Ah, let's give you an answer to your question then :-)
Short answer, it depends, so shoot the fastest shutter speed you can.
Elaboration: A little breeze will move things slowly, and the movements will be small. A gale will move things very fast over a large area (read, entire branches and tree tops moving...). The more wind, the faster shutter speed you are going to need.
Compound this with focal length and subject-to-lens distance (read, magnification). Shorter focal lengths and greater distances will minimize the effect of movement (by everything, not just the wind). Longer focal lengths will do the opposite.
My approach is to optimize shutter speed by a) using camera movements to adjust the plane of focus and allow a larger aperture to be used (I shoot LF), and b) use a faster film (ISO 400 is my outdoor standard).
After that, there are some things you can do to improve your chances when the wind is moving your subject around. a) keep your distance and use a shorter focal length lens (as above), b) be patient and wait for lulls in the wind. Often, even on a quite windy day, there will be short periods where the wind dies down for a second or two. I've waited hours at times, both successfully and unsuccessfully, for the wind to die down enough to get a shot. c) If there are only one or two things moving around in the composition (and assuming you have "recomposed" to eliminate as many moving objects as possible) you can try to catch the movement at the apex, i.e., the point where the direction changes and the moving object is motionless. This can work, but you can also burn a lot of film trying... It depends on how important the shot is to you.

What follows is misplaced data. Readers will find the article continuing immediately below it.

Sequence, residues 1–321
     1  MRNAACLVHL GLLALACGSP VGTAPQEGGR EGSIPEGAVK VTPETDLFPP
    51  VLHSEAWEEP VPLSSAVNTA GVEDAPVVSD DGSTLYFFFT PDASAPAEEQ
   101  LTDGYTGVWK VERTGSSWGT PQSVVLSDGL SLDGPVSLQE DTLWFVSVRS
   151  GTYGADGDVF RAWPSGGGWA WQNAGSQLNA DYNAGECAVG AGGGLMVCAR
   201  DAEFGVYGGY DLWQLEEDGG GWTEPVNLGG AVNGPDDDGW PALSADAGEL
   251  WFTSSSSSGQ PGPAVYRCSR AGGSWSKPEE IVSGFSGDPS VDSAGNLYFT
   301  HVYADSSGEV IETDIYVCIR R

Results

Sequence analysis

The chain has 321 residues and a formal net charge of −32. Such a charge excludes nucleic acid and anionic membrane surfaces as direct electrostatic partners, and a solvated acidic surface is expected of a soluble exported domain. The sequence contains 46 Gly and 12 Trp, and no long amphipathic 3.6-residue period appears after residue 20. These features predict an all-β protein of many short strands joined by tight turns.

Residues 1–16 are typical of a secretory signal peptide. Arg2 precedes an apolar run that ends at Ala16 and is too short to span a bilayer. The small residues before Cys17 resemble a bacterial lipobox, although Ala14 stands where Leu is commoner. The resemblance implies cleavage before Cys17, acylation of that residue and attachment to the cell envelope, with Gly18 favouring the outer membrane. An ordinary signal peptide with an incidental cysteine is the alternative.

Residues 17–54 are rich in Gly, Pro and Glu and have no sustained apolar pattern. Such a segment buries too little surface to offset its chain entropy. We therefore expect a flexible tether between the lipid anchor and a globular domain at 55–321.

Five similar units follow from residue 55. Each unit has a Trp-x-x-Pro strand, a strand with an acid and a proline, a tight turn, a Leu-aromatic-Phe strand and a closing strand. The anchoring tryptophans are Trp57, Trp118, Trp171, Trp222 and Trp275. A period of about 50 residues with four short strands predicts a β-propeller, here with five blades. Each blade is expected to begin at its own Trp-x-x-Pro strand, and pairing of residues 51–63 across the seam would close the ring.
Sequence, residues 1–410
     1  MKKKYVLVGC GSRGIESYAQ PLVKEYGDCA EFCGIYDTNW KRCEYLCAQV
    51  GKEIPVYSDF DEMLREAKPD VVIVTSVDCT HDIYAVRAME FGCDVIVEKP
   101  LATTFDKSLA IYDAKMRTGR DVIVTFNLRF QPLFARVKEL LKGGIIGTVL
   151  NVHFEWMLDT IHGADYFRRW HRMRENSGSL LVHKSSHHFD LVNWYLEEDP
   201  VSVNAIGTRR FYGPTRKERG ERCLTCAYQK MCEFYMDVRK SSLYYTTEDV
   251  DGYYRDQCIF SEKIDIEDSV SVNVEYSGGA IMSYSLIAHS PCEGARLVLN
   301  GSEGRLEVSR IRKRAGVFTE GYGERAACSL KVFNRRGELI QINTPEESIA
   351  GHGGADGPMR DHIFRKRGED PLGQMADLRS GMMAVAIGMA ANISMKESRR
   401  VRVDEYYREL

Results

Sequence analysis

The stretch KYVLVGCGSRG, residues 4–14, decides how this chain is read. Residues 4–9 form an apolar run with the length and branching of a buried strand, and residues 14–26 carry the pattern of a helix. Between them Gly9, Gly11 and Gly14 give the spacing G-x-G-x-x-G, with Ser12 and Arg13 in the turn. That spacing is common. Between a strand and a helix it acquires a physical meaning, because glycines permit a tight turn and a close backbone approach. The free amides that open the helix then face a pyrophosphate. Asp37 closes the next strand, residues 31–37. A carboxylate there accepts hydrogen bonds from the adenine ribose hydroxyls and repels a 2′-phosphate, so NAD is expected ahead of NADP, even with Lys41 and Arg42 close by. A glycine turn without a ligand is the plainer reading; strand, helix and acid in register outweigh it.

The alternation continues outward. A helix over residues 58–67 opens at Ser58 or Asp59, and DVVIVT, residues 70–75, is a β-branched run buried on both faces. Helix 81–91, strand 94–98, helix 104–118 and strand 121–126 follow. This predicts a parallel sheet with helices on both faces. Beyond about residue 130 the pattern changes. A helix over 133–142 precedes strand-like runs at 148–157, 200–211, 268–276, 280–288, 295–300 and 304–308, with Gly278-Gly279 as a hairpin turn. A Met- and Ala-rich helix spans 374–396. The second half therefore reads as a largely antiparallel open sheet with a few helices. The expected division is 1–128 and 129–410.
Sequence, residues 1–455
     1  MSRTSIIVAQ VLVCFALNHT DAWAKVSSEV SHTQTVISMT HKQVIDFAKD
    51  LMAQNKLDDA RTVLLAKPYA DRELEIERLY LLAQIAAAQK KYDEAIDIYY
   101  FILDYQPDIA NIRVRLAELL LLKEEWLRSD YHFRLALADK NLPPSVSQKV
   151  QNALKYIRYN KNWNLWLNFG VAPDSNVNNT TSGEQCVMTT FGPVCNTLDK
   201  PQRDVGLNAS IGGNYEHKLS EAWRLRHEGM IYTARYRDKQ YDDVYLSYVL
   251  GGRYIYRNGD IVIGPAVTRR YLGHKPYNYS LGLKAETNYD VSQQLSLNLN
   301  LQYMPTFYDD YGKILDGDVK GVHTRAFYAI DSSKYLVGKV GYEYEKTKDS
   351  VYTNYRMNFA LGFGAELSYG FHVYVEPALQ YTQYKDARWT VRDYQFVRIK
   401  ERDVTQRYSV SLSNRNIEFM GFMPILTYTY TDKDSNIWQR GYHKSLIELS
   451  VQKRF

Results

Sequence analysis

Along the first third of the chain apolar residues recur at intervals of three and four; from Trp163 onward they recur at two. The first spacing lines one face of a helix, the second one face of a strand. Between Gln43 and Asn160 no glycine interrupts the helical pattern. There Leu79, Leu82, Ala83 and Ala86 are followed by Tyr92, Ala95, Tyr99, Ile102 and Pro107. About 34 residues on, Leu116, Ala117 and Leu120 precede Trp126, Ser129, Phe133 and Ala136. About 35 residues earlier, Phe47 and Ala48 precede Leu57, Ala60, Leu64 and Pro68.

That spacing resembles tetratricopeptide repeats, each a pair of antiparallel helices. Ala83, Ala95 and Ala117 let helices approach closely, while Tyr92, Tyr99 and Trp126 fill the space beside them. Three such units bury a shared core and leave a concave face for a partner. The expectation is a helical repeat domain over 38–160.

Lastly, you can use the blur; use a slower shutter speed and incorporate the blur, if you can adjust your vision to that. Or, come back another day.
Hope this helps a bit,
Subject movement is commonly discussed in sports photography. You basically need to know how far things will move on the film during the exposure. This is basically given by three things: the speed and direction of your subject, the distance to your subject, and the angular coverage of the lens. If you are close then the movement will be magnified, same goes for narrower angular coverage (longer focal length) magnifying movement. If you are using a wide angle lens from far away then you may be able to get away with a 1/30th shutter without showing much movement but if you are close by to exaggerate a foreground tree then its leaves and branches may move very fast across the film and you may need 1/500 or faster to freeze them. Modern cameras with 1/8000th shutter speed can freeze it with fast enough film on grey days, I know I'm shooting more Delta 3200 rather than 400 these days as it is so grey up here too.
I still ask why must you freeze the motion entirely? I suppose you are wishing that it were NOT a windy day and you are trying to take a picture as if it were not windy. I like to photograph things as they are in which case some motion blur records the facts of the situation.